Often when the thought of what had happened came into my head, and the little demon started to whisper I would literally shut my eyes, put my hand up as if to stop someone and say ‘no’. That someone was me. It was me I had to stop and I did, I retrained my brain over time to stop. It can be done.
The only way you can let go, is to accept where you are. In the beginning (and I would class the beginning as about the first two years minimum) that is so hard to do. You are in shock, you feel disbelief, you are overwhelmed by grief, and you look back at what you had and sometimes convince yourself that it was all so much better then.
Only you can decide if that is true.
So as I accepted what had happened and where we were, and that Danny was contrite, and that it had affected Danny as badly as it had affected me, in fact worse sometimes, we were able to start to rebuild our life, and trust in each other. Because you see Danny didn’t trust me not to have my revenge. In 2011 as he planned to leave his career due to stress and the breakdown he had suffered, he told me he was afraid. When I asked him why he said because he wondered if once he had no income, and was vulnerable, I would then turn and laugh and leave. I accepted that, I understood that, and no I didn’t think he deserved that. I was shocked that even four years later he felt that. So I reassured him and we moved forward again together, me with a little more understanding than before.
When we came to move here to France I had to let go of the house we lived in. The house that had been my sanctuary when Danny was gone. The house that I had worked so hard on, and loved. But the experiences that we had enabled me to understand that to have this adventure I had to let it go. It was hard, but again I learned that a house is just a house, it is us that make it a home. I learned that life moves forward and you cannot take the past with you if you want to do that, otherwise that is where you will live: in the past.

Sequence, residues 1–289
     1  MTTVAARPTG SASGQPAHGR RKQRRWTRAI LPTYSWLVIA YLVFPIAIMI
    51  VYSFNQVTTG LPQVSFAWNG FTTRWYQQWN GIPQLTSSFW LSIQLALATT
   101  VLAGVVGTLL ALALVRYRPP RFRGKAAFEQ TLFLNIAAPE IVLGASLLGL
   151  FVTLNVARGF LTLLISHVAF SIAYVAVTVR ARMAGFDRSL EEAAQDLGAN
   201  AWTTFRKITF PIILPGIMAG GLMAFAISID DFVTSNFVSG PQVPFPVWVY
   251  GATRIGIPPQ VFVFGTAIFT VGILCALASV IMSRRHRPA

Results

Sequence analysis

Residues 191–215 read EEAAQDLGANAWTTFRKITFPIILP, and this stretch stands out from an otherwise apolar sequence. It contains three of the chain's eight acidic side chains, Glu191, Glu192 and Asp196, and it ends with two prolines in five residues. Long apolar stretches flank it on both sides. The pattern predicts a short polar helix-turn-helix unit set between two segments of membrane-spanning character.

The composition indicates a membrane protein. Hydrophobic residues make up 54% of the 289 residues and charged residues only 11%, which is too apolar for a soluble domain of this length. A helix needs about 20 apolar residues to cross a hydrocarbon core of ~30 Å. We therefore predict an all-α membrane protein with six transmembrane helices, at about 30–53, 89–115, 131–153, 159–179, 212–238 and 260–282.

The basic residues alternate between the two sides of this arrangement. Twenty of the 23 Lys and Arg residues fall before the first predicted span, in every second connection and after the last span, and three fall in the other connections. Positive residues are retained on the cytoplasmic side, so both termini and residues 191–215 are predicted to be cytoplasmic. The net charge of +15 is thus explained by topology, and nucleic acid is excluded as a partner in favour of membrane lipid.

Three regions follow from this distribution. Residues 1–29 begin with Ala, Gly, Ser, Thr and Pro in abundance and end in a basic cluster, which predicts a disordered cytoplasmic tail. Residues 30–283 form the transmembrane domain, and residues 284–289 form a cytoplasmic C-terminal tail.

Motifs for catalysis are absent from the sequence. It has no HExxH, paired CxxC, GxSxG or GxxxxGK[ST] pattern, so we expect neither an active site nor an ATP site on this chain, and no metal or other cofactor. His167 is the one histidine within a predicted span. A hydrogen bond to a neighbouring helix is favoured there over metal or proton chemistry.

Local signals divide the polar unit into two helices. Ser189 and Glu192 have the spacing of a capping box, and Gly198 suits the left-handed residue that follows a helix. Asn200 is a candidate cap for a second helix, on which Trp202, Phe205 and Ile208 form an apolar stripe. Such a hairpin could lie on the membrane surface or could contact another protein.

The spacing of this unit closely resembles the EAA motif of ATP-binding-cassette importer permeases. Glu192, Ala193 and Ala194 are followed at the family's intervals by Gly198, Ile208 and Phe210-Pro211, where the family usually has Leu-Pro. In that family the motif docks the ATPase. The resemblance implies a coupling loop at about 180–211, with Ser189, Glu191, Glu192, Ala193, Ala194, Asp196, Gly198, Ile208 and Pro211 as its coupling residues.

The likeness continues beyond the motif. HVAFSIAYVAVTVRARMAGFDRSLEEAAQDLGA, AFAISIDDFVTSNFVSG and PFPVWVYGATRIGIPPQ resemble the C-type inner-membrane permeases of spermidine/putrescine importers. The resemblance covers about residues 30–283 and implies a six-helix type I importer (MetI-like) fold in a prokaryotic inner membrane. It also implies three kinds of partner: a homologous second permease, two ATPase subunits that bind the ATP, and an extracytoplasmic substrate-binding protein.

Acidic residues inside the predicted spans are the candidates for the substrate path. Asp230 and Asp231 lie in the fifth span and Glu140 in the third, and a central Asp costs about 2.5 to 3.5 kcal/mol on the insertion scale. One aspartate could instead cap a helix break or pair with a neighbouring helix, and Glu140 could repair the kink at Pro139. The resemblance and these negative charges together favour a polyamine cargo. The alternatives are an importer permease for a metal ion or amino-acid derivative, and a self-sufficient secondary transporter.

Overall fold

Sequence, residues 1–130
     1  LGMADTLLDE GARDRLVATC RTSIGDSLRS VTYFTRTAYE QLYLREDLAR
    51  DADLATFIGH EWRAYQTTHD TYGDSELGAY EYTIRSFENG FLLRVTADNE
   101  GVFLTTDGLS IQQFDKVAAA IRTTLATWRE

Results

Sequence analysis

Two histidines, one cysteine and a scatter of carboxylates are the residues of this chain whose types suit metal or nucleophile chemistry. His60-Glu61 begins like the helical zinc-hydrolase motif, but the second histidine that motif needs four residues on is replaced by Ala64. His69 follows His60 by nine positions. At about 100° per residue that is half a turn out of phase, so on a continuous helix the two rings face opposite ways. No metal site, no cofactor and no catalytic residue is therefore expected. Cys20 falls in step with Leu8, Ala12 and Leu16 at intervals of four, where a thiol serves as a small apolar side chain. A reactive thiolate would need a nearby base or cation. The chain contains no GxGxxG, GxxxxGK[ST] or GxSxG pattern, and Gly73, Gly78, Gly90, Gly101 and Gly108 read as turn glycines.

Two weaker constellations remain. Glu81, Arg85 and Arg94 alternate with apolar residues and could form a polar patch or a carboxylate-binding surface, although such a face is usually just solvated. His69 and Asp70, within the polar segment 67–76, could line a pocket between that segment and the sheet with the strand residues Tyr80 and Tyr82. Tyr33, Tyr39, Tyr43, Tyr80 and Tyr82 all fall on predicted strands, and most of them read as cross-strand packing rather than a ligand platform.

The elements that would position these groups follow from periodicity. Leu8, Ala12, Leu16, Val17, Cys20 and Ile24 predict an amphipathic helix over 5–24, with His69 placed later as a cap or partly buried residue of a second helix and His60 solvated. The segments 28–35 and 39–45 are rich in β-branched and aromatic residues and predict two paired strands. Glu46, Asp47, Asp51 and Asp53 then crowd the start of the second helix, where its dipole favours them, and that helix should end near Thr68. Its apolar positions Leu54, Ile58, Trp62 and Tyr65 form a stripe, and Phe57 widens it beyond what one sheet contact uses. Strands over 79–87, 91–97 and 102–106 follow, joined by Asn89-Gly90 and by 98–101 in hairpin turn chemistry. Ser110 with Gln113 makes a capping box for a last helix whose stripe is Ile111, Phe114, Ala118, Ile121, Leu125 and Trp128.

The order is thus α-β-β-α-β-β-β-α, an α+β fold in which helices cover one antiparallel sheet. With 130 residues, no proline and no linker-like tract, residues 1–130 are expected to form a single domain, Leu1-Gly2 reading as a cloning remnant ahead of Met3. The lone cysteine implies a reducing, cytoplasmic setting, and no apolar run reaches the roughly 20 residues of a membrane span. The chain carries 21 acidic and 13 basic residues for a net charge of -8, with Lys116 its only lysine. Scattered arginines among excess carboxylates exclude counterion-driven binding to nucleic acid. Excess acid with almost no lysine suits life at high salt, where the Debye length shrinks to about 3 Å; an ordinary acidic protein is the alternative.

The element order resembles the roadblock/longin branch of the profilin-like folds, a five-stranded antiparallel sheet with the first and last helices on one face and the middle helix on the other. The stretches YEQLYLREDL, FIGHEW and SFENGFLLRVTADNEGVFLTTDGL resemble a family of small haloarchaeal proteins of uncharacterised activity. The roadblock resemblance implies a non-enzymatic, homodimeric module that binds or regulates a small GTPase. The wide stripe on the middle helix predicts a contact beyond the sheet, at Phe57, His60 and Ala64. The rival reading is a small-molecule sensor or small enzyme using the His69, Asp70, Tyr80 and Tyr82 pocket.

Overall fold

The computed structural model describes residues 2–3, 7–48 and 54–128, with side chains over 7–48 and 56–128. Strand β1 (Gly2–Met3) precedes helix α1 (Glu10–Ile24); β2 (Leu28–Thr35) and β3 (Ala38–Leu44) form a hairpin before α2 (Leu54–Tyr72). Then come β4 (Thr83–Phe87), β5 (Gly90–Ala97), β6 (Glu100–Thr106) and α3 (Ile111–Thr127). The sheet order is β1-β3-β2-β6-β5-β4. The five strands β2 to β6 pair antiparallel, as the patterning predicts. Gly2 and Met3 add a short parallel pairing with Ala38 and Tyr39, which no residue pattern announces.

We have learned over the years that you can only ever judge what you need based on your circumstances at that moment in time. When I wrote about living here I said how much this house had replenished my soul. It did, so sufficiently that I am now strong again and ready to move on to something new.
Now we are going to use what we learned again. We are probably going to move on from this house, and possibly to Ireland in the future. We learned over all those years that to hold on so tight to the past, to possessions, to safety and stability (whatever that is, because I don’t believe it actually exists) actually stops us going forward as human beings. To live.
What Danny and I had all those years ago at the beginnning of our recovery was what we needed then to survive, then as time moved on what we needed changed: we needed to be able to trust each other again, to feel safe. That was it, we needed to feel as safe as any person can feel in a life subject to change. We understood that was all we could give each other. No expectations, just hope.
You have to let go to move forward, and you cannot stand still because it’s not possible. Change is inevitable. Don’t fear it.
Making This Better the book is now available including the journal entries for the first 5 years of our recovery & the whole 21 days of ‘The War’. Available internationally in paperback and ebook at Amazon and Barnes & Noble also available at Xlibris and Apple Books for iPad and Waterstones Bookstores for click & collect